LVDVS DOMESTICVS: '02-'03.
§ It is agreed by all that the greatest mind-light-leader of the literary and intellectual renaissance of the 1450-1550 period was DESIDERIVS ERASMVS ROTERODAMVS [1466-1536] who wrote volumes of innumerable works of solid content and magnificent Latinity. Among the writings he published to TEACH LATIN are about 100 pages of "Colloquia Familiaria" where people talk about everything possible with every possible Latin phrase and idiom. Here you have four men who after an absence of 40 years meet in a carriage going to Antverp and narrate all that has happened to them in that same period.
A] "POLYGAMVS: Salve, multum exoptate Eusebi! GLYCION: Bene sit tibi, vir optime. EUSEBIVS: Salvete vos omnes *una salute*, pariter mihi carissima capita! Quis deus - aut casus +deo felicior+ - nos coniunxit? Nam nemo $nostrum vidit alium annis opinor, iam quadraginta. Quid hic agitis? PAMPIRVS: sedemus. EVSEBIVS: video, sed qua de causa? POLYGAMVS: operimur currum qui nos devehat Antverpiam".
VOCAB. most of the lively talk here is obvious! but here are some helps: exoptatus=longed-awaited for. sit=may it be. *una salute*=with one greeting. mihi=to me. pariter=equally. +deo felicior+=or more fortunate than god. $nostrum=of us. currus=carriage. devehat=may bring.
- If you can imagine a Latin verb: "operio,operire=to make to wait, put in expectation", then what form do you see in that verb here: "operimuR"?= ________. From the same form you can quickly give us the forms for: "she is made to wait"= ________ "ye are made to wait"= ________ "they are made to wait"= ________
- What use-function do you see in the forms here: "salve - salvete"?
- If you can imagine a Latin verb: "opino,are=be brought to an opinion" then you can see in that 'opinoR' what meaning? ________ and what will be its reversed? ________
- Your DICT. is going to give you: "caput"=head, PERSON, and therefore the neat phrase 'carissima capita' is going to have to mean:=
- If that "currum" is in fact an object of 'operimur', then you can write out the bit of living Latin of 500 years ago:
- What kind of pedagogical trick did we learn in class for turning the active verb forms into passive ones? ________ in ONLY what verb Times did that trick have any validity? ________ with that in mind give the other two Times we learned with the trick for the forms here: "operimuR"= ________, ________ "opinoR"= ________, ________
B] "EVSEBIVS: Ac mihi videor repubescere. POLYGAMVS: Quot annos supputatis, *ex quo* Lutetiae conviximus? EVSEBIVS: Arbitror - haud pauciores quadraginta duobus. PAMPIRVS: Tum videbamur omnes aequales. EVSEBIVS: Ita ferme eramus aut - si quid erat discriminis - perpusillum erat. PAMPIRVS: At nunc quanta inaequalitas!".
VOCAB. repubesco=I become a youth again. supputare=to calculate. *ex quo*=from which time. convivere=to live together. Lutetiae=in Paris. haud paucioes=not less. ferme=almost. quid=anything.
- What form-use do you see in that "discriminis"? ________ found in DICT. _________, and meaning: difference, distinction.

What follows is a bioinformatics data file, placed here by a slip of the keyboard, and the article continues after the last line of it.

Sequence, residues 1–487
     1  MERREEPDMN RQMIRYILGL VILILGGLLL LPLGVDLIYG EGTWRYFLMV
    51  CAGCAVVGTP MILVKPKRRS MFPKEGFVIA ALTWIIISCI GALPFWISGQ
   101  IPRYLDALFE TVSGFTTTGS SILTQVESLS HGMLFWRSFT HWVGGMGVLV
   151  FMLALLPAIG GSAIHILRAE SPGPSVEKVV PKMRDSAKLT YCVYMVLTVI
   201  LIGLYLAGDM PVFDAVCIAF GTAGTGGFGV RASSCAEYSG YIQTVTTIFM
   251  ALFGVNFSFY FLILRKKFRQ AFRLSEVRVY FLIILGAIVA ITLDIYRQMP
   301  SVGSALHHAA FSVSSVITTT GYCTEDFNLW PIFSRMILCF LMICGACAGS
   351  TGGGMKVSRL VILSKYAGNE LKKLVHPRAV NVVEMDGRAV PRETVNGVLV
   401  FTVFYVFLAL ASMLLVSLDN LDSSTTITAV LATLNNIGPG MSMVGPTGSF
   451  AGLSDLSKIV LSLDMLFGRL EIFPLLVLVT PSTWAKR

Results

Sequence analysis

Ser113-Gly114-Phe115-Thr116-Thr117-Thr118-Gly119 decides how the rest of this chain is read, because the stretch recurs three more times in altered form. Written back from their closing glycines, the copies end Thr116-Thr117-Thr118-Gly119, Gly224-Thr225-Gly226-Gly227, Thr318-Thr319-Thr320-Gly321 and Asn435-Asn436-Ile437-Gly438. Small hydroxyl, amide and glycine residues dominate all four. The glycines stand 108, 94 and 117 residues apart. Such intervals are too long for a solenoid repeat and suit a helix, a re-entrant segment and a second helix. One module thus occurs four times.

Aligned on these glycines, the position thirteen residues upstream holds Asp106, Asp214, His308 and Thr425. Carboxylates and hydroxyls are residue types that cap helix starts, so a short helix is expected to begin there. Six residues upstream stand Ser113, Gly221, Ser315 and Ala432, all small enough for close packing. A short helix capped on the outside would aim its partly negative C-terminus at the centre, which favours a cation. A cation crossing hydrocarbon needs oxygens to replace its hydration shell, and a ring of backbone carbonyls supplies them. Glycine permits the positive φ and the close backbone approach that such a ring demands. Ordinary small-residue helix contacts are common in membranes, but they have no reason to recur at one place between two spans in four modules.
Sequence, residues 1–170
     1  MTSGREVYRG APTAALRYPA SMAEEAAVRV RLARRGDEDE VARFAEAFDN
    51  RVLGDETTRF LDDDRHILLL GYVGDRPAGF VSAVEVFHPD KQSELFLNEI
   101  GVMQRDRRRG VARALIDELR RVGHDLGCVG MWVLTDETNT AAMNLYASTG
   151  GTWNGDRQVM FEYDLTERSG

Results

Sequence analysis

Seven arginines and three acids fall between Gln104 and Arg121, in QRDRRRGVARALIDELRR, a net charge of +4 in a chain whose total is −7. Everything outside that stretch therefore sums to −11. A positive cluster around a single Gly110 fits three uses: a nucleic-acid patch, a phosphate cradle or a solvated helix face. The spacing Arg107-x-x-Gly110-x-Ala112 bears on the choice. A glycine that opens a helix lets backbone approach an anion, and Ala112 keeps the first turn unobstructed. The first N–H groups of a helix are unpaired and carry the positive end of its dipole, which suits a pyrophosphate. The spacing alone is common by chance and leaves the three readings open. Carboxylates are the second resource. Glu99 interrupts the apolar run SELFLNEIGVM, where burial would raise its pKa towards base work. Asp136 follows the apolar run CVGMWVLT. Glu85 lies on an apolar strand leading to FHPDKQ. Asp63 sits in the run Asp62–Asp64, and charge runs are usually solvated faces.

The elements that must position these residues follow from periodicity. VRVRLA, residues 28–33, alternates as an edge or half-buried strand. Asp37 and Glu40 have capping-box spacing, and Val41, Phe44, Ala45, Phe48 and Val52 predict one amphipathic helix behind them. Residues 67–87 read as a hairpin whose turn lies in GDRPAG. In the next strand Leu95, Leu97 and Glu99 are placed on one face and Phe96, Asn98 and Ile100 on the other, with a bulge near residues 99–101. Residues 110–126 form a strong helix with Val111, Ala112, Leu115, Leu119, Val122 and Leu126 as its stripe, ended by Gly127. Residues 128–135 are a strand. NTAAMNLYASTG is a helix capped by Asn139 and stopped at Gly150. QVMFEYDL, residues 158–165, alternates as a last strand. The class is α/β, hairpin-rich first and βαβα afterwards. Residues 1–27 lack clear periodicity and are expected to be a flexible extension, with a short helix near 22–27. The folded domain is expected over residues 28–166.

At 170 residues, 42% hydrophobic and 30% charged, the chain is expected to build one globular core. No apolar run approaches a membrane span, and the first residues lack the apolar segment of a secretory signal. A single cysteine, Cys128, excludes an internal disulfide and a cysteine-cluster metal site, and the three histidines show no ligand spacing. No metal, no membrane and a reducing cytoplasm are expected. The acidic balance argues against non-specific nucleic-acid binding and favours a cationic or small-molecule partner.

- When you see such forms as here: 'videoR' and 'videbamuR', what do you think-calculate? FIRST - what are the reversed of those two words of Erasmus? [your passive trick should make that very easy: WHY? how can you think backward and then get the right answer?
SECOND: give the other two times with the active-passive trick for those same two forms:=
THIRD: give the 'they' forms for the three trick-times for the same verb:
- The verb: "video,ere---" means: ________, in the passive it is going to be naturally 'to be seen', but also in english to SEEM. Write out this part of the dialogue faith fully: [N.B. 'arbitror' is in your DICT. with special meaning later this year]
- SAY quickly using the active-passive trick: "ye, who were being seen-seeming the lazy [piger,pigra,pigrum] disciples (discipulus,i-m.) of our school [scola;ludus] will be seen-seem soon to be the most diligent [diligentissimus,a,um] of all the disciples":
C] "EVSEBIVS: Dic* mihi bona fide+ - nulla sentis incommoda senectutis quae feruntur esse plurima? GLYCION: Somnus aliquanto deterior est nec perinde tenax memoria, nisi si quid infixero"
VOCAB. dic=command form (irregular) for: 'dico,dicere'. bona fide+=good faith. incommodum,i-n.=inconvenience. deterior=worse. nisi si=unless. quid=something. aliquanto=a little bit. sentire=to feel. plurimus,a,um=very many. infigo=to nail.
- If the verb is "fero,fer[e]re,tuli,latus=to bear, to REPORT, tell", then what do you see in 'feruntur'? ________ what the original verb and give the other two times we have learned with the same subject:=
How will you say with the same verb: "ye are reported"= _______ "I shall be reported"= _______ "you were being reported"=
- Consider the combination: "tenax memoria" which must mean: _______ and then give its reversed= ________ you can also give us the "OF" form in the sing.= ________ and pl. [80%]= ________
- Your own version of the simple Latin in the mouth of Erasmus' old men:
D] (at the end of the ride the coachmen comment on the elderly passengers)
"HENRICUS: Sed hi seniculi boni sunt. HUGUTIO: qui scis? HENRICUS: quia per eos ter bibi per viam cervisiam insigniter bonam".
VOCAB. seniculus,i-n.=little old-man. qui=how. cervisia=beer.
First Experience Latin - Fr. Reginald Foster
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